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Reviews of Music Autobiographies from a Punk and a Turtle

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Photo: , License: N/A


The book itself drips with a repellent, gorgeous honesty. Hell is offhandedly brutal to some of his longtime cohorts, randomly kind to others, and though he details some less-than-admirable actions, seems at some points to think he invented sliced bread—the false humility of the junkie’s massive ego. (And yes, his junk years are explored, but it’s the least interesting part of Clean Tramp.)

Hell is quite good on his male friendships, drawing clean-edged, sensitive, distinct portraits of each man. Women’s breasts, hair, or the sex acts he has with them get that same level of attentive clarity (at one point he recalls—from 1967—“a sad, hysterical girl with red capillaries on her nose and cheekbones, and large breasts that looked like twin Eeyores”) but the women themselves seem interchangeable, not quite human.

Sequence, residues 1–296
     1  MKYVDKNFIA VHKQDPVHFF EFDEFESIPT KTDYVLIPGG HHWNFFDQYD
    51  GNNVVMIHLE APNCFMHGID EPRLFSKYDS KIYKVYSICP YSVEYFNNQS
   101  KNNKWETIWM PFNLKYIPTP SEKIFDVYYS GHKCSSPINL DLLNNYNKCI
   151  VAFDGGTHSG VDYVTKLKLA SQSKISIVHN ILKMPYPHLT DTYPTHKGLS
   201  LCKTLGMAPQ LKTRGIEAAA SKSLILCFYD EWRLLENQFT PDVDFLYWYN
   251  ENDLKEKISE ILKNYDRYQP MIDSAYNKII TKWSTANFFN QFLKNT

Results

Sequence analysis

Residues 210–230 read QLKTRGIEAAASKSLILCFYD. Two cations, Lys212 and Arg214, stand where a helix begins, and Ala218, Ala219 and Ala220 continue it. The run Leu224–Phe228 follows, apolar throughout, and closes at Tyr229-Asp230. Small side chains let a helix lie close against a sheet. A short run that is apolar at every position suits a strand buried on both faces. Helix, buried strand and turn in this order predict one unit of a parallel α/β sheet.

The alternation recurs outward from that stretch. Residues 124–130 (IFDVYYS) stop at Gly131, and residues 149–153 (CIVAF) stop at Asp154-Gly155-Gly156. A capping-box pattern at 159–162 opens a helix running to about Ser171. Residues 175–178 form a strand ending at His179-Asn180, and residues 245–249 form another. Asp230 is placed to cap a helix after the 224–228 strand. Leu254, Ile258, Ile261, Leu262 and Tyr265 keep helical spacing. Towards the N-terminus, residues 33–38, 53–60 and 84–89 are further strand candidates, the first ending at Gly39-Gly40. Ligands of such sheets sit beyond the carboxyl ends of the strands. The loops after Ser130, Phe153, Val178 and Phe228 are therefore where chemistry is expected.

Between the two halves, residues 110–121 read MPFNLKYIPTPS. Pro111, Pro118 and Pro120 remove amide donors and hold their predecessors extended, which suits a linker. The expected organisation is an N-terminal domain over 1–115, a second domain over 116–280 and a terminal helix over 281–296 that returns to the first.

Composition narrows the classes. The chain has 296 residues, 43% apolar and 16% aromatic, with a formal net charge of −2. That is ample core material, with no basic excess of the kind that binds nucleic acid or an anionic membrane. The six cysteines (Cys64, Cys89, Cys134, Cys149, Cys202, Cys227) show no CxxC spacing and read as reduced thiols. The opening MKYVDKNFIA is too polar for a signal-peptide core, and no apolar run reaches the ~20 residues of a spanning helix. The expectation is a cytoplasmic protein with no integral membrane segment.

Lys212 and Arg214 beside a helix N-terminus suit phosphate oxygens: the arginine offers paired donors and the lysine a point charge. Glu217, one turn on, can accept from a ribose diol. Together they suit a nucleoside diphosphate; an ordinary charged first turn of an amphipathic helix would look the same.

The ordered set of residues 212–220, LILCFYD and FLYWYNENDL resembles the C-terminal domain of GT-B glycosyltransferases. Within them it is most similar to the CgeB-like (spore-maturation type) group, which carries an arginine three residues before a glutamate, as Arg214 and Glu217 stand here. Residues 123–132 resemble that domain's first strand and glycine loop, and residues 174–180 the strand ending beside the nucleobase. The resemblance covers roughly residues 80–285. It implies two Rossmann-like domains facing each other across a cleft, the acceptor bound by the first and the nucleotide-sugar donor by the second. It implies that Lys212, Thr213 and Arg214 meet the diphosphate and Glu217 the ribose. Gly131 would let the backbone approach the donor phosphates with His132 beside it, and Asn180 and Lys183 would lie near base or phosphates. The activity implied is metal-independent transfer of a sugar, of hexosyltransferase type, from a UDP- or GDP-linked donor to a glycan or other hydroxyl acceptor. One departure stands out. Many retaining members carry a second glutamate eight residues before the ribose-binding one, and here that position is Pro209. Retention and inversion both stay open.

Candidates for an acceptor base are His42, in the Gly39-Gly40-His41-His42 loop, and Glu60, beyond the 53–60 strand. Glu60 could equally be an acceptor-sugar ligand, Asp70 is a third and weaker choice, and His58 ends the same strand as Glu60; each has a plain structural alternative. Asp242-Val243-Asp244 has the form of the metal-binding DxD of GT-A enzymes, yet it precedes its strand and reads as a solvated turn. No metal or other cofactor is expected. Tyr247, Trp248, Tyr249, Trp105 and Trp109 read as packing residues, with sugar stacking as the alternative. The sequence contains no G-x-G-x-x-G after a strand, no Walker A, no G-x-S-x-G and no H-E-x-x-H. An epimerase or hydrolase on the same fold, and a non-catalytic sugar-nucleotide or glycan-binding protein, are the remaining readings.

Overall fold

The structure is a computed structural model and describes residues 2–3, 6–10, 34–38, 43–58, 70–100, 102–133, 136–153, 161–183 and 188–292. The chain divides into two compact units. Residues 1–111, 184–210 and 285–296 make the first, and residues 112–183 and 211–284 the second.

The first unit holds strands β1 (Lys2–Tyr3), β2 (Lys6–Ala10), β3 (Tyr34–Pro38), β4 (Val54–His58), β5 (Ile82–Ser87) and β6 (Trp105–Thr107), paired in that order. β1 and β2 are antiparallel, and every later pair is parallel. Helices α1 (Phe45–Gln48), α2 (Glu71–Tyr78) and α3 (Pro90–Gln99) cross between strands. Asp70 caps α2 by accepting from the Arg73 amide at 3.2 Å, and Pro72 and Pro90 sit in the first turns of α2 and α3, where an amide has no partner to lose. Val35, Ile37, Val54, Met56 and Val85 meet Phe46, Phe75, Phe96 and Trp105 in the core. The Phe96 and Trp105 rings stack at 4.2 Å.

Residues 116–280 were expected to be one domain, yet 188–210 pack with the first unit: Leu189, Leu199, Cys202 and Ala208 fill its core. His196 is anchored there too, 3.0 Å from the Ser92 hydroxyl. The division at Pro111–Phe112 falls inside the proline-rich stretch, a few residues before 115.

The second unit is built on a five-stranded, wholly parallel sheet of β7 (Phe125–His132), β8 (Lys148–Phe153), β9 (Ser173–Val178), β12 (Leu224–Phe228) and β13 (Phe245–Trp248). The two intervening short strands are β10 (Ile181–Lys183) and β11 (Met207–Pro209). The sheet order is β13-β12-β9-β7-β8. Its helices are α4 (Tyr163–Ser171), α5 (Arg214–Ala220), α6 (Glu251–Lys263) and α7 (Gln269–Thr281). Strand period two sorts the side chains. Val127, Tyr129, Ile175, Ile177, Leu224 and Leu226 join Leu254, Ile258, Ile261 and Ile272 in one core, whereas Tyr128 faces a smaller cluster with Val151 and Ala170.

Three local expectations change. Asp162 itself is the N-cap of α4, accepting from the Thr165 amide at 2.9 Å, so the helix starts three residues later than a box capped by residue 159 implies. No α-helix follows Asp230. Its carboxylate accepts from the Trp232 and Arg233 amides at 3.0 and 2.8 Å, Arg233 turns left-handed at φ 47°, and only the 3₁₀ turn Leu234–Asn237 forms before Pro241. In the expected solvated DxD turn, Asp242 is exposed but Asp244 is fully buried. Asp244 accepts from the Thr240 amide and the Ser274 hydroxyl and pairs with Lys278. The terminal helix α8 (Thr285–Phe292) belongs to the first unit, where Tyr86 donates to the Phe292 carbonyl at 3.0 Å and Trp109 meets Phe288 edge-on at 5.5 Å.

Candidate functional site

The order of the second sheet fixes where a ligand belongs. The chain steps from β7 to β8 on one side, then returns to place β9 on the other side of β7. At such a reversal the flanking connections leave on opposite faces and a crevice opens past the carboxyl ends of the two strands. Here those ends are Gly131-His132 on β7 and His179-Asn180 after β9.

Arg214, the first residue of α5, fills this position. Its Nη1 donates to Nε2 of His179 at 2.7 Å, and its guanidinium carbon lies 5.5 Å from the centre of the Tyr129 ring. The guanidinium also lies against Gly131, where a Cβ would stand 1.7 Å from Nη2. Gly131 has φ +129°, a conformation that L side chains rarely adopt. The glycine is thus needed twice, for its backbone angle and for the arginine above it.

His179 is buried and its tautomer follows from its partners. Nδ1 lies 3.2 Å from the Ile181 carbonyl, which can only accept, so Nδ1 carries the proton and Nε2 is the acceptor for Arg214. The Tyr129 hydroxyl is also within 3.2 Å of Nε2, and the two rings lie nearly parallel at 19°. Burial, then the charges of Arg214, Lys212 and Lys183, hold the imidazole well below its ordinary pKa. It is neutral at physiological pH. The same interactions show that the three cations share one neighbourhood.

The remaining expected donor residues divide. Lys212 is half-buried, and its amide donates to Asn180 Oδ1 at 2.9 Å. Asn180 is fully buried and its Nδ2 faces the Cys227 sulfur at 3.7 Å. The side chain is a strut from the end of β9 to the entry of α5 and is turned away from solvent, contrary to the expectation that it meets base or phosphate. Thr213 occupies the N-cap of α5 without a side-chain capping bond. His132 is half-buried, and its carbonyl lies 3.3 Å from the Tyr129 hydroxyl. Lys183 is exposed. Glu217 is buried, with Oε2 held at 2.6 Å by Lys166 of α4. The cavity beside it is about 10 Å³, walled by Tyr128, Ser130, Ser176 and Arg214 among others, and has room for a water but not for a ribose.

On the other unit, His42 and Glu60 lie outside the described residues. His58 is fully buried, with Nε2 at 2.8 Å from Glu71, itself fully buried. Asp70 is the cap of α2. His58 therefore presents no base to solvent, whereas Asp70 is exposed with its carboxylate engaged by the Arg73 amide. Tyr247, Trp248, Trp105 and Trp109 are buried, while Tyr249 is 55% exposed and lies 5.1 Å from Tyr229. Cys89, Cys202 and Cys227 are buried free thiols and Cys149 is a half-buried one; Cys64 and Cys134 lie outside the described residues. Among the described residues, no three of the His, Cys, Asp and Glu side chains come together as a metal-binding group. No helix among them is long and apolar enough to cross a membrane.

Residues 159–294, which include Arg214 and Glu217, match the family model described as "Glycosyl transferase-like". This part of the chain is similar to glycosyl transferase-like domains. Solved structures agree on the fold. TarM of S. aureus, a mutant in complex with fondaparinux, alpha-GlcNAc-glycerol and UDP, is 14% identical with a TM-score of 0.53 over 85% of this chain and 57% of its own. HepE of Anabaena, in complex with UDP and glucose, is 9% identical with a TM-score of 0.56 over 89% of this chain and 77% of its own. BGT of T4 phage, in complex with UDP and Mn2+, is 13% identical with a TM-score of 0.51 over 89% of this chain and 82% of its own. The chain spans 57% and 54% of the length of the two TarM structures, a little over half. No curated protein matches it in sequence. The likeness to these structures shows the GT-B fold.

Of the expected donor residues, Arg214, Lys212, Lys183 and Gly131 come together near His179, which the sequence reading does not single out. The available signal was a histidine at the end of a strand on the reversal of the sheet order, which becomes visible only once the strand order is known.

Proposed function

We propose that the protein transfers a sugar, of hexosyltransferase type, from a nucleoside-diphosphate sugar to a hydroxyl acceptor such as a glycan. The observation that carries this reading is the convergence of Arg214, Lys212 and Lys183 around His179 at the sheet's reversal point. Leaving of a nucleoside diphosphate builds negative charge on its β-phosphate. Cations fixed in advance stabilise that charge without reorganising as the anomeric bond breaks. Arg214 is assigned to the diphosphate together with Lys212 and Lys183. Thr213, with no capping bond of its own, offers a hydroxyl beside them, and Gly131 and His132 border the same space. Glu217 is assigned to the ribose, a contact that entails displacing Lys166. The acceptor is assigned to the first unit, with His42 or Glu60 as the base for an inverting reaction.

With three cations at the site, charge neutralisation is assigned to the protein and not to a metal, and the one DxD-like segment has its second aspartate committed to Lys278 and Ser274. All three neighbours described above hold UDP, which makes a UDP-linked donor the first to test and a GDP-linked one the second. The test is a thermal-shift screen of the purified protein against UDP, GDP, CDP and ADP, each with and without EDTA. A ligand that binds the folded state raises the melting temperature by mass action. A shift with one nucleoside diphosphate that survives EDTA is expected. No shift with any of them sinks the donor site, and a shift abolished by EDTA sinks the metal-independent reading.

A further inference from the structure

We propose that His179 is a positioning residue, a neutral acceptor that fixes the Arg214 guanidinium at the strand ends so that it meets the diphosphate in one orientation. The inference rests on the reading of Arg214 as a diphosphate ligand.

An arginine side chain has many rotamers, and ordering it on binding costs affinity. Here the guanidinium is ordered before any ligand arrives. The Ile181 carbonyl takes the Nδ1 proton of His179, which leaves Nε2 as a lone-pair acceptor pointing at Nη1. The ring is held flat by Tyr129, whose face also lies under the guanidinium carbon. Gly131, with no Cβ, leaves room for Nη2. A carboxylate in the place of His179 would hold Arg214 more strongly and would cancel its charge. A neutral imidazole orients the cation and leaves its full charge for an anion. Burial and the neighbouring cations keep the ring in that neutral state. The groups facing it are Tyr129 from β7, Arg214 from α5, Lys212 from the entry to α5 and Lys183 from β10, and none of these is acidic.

Hell and his fellow ’70s punk icon, the ethereal Patti Smith, had the same influences (French Symbolist poets: Lautréamont, Verlaine, Rimbaud), the same aspirations (poet/rock star), came out of the same tiny intersection of time and place (junk-infused 1970s Lower East Side), yet in her recent memoir Just Kids, Smith gets it across in half the pages with twice the beauty and grace and suffusing soul. I Dreamed I Was a Very Clean Tramp is earthy, with a few flashes of sublimity ... a better portrait of an era than of a man or a self. — Jessica Bryce Young

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